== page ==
Update, December 2: a Valve employee has explained that Valve Anti-Cheat (VAC) will not ban you for your username alone.
Valve software engineer John McDonald made the statement on the associated Reddit story, and you can read it in full here. He says simply “the bug report is incorrect,” and hypothesises that it and many other posts in the thread are an attempt to foment distrust of anticheat systems.
These are the best FPS games on PC.
“VAC has many different types of detections and we cannot discuss what they do publicly because doing so makes them less effective,” says McDonald. “However, one thing I can disclose is that all detections require that the detection occur while a user is actively cheating and connected to a VAC-secured server.”
So no, simply having “catbot” in your user name will not get you banned. The confusion arose when another Valve moderator closed the initial discussion on GitHub as per the VAC team’s request. In so doing, he suggested the catbot bans were intentional, but it seems he may have overreached on that point.
Original story, December 1:Developers, particularly on PC, are locked in a never-battle tokeep cheaters and hackers from abusing multiplayer games. Sometimes, those methods seem a little strange and arbitrary, but rarely more so than a recently-discovered VAC offense aimed at curbing Team Fortress 2 cheaters.
As discovered on GitHub, Linux users who have “catbot” as part of a system username will receive a VAC ban shortly after installing Steam, regardless of whether they’ve launched or played any games. A Valve moderator closed the discussion by saying that this is an intentional feature of the VAC system.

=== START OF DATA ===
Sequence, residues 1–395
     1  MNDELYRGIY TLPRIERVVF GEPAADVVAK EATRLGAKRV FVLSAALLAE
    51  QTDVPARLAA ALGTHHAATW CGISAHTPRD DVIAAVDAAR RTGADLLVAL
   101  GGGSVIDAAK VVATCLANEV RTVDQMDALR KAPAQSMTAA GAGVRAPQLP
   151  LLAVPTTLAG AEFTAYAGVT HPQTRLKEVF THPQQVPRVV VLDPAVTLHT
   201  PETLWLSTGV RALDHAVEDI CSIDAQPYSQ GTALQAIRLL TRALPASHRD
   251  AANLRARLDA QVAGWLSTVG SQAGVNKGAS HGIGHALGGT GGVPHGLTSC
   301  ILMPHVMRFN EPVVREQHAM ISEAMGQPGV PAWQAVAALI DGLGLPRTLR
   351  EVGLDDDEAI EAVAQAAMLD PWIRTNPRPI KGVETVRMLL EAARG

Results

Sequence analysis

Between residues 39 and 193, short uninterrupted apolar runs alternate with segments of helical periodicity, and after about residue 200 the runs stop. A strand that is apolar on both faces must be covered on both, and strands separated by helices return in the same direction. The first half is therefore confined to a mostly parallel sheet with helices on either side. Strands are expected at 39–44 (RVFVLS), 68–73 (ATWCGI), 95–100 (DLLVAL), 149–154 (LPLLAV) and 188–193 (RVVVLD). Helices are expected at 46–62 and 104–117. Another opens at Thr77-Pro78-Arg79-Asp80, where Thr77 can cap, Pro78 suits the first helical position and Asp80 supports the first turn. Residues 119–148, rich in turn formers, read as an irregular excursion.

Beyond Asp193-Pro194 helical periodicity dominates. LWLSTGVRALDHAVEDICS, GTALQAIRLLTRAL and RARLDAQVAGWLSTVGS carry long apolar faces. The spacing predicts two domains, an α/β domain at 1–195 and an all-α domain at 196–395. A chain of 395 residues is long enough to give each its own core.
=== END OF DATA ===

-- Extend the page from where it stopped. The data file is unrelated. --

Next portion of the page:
The catbot cheat in Team Fortress 2 essentially allows Linux users to build a party of aimbot snipers to take over a server. Typically, that’s involved some extra user accounts with “catbot” as part of the name, but it seems in the wake of this discovery the hack’s already been updated to generate random usernames.
This affects any Linux system with “catbot” as any part of a username. So if you happen to have, say, an angry plant enthusiast persona like Hellcatbotanist, you’re not playing VAC protected games for much longer. It’s tough to imagine an actual reason to have a catbot username, but this does seem like a pretty zealous VAC offense for something that cheaters have already so easily worked around.